Dozens of whales wash up on Icelandic beach

James Rothwell
Pictures of beached whales whales taken by helicopter - David Schwarzhans

Dozens of beached whales have been discovered on a secluded stretch of sand in west Iceland where people rarely tread.

The eerie photographs show what appears to be around 20 pilot whales, partially buried in the sand and rotting on Löngufjörur beach.

A pilot from Reykjavík took the photographs while ferrying American tourists around the island.

The morbid discovery was only made this week by air as the area is inaccessible by car and has few visitors, except the occasional hiker.

Edda Elísabet Magnúsdóttir, a marine biologist and whale specialist, told local news website Iceland Monitor that it was hard to confirm when the mammals washed up on the beach.

“The most important thing to look at is that these are deep-sea whales, common at the continental margin,” she said.  “They mainly feed on squid, which is why they’re good at diving deep. When they enter shallow waters, most of them have a tendency to become disoriented. They use echolocation for orientation, for finding one another, estimating the depth, and so on.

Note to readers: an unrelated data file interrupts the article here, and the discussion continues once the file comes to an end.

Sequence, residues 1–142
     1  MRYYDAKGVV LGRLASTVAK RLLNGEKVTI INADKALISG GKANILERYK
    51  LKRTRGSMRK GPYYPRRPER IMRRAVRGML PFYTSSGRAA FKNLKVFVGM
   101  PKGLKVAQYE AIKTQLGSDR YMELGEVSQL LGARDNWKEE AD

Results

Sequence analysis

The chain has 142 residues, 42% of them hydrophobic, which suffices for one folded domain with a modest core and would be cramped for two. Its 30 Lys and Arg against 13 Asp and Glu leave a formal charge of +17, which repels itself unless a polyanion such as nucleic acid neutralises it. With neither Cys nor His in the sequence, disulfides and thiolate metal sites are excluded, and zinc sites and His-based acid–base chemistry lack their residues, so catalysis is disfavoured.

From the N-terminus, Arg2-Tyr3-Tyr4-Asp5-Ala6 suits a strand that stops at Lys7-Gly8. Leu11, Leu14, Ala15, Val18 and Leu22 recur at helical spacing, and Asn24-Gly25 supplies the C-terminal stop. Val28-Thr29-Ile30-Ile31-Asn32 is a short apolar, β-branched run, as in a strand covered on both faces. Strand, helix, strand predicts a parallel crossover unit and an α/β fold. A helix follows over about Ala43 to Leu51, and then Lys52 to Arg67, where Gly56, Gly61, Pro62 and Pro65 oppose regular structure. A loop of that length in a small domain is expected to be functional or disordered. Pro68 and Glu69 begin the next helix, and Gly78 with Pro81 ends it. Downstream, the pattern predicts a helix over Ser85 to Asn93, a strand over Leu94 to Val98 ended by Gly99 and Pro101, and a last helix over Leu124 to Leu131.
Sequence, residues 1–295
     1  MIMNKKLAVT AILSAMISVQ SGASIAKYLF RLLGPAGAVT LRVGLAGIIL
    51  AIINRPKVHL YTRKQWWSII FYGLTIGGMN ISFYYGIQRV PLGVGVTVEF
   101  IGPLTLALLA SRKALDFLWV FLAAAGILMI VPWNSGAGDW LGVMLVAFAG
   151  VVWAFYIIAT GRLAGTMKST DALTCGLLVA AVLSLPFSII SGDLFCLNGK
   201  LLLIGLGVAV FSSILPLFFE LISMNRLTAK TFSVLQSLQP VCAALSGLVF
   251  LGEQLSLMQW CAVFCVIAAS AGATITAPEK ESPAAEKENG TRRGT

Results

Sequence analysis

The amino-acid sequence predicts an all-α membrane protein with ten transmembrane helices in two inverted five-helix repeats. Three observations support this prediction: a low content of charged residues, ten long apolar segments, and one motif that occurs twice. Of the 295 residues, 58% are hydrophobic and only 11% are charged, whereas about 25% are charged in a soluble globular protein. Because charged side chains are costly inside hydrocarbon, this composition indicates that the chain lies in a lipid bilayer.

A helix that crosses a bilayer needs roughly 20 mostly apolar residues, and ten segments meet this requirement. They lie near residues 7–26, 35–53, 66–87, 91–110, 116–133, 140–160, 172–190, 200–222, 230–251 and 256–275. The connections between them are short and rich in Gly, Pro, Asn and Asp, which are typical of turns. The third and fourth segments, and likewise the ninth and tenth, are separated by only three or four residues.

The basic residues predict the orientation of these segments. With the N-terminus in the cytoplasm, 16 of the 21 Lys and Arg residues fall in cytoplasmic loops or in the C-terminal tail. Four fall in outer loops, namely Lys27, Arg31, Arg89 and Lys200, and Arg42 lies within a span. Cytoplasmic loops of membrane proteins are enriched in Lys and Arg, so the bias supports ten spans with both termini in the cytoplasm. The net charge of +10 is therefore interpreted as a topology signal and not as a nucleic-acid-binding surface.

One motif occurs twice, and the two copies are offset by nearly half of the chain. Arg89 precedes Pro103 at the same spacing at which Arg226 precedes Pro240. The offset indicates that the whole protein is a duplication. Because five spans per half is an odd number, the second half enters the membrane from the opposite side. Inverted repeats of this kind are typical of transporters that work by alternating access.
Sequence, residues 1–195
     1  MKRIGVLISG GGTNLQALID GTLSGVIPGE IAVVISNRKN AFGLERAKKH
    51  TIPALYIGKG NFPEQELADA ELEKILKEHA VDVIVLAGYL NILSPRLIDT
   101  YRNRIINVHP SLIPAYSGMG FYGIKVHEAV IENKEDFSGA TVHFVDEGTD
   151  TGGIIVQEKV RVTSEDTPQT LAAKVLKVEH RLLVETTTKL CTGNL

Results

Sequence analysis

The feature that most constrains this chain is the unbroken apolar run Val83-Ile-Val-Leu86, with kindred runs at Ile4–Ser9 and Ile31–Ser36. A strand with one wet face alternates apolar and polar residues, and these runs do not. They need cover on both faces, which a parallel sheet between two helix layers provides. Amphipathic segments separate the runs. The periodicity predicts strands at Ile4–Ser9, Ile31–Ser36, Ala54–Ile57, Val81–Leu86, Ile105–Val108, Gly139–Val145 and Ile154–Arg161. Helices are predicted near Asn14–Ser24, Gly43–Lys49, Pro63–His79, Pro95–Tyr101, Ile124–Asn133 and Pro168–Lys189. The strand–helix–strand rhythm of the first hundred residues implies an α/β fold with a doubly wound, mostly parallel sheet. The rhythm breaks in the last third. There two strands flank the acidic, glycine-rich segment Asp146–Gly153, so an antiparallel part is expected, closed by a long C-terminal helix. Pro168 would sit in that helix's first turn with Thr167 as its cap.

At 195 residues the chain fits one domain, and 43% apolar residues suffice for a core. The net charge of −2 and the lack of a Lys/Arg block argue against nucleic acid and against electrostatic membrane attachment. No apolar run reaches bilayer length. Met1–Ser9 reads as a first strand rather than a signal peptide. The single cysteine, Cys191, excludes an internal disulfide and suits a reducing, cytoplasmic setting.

"But a sloping, sandy bottom appears to increase their disorientation. There are numerous examples of them having beached where there is such a sandy, sloping bottom.”

She added that pilot whales tend to swim in close-knit groups, which increases the risk of a large number being beached at once.

It comes after 145 pilot whales were found stranded on an island in New Zealand, of which half were already dead. The other half had to be put down.